Mogadishu (Reuters) – Somalia’s president said on Monday he had suspended the prime minister for suspected corruption in the latest power struggle distracting the government from an Islamist insurgency, prompting the United States to call for calm.
The move amounted to an “indirect coup” by President Mohamed Abdullahi Mohamed, assistant information minister Abdirahman Yusuf Omar Adala said.
Prime Minister Mohammed Hussein Roble was not immediately available for comment. Government spokesman Mohamed Ibrahim Moalimuu said the president’s action was unconstitutional and that Roble would continue with his duties.
The U.S. Embassy urged de-escalation from both sides in the Horn of Africa country.
“We strongly urge Somalia’s leaders to take immediate steps to de-escalate tensions in Mogadishu, refrain from provocative actions and avoid violence,” it said on Twitter.
Mohamed accused Roble of stealing land owned by the Somali National Army and of interfering with a defence ministry investigation.
It is the latest round in a long-running dispute between the two leaders that analysts say serves as a distraction from the government’s fight against al Qaeda-linked al Shabaab.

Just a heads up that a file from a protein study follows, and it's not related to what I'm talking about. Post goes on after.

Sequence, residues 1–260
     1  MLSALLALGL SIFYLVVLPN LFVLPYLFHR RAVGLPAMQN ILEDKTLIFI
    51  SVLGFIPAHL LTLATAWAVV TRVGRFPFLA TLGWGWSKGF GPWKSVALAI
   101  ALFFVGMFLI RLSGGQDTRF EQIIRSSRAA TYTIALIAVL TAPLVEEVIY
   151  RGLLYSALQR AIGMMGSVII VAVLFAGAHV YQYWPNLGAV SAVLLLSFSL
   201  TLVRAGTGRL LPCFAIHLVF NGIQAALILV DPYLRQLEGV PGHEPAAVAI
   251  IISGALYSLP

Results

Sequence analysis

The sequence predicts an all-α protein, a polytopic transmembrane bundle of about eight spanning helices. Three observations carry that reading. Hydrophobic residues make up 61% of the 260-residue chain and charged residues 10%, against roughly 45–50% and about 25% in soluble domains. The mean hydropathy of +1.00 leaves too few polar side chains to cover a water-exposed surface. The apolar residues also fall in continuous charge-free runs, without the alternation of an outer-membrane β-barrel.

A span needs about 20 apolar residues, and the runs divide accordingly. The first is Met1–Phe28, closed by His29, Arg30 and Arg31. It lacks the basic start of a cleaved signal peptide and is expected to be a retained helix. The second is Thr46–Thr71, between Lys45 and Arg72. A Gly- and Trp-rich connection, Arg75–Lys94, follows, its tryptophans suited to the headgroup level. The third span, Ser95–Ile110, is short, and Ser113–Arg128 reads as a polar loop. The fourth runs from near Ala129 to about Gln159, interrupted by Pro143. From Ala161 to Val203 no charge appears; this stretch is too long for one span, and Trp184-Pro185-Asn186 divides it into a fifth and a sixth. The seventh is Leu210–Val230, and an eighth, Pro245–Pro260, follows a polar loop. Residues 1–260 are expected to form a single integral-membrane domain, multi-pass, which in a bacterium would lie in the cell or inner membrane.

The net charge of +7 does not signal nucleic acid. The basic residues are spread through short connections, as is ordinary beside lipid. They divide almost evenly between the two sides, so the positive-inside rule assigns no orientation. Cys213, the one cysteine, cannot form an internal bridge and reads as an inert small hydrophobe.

Mohamed also said he had also removed the commander of marine forces, General Abdihamid Mohamed Dirir, from office while a similar investigation was being carried out.
Dirir was not immediately available for comment.
Assistant Information Minister Adala said the deployment of security forces around Roble’s office would not prevent Roble from carrying out his duties.
“What is going on this morning is (an) indirect coup but it will not win,” he said on Facebook.
Mohamed and Roble on Sunday each accused the other of holding up ongoing parliamentary elections in a country riven by militant attacks and clan rivalries. The United States late on Sunday called for a credible and rapid conclusion to the elections.
In September, Mohamed suspended Roble’s power to hire and fire officials in a dispute nominally over a murder investigation that generated months of tension.
Mohamed and Roble first clashed in April, when the president unilaterally extended his four-year term by two years, prompting army factions loyal to each man to seize rival positions in the capital, Mogadishu.
The confrontation was resolved when the president put Roble in charge of security and organising delayed legislative and presidential elections and parliament reversed the presidential term extension.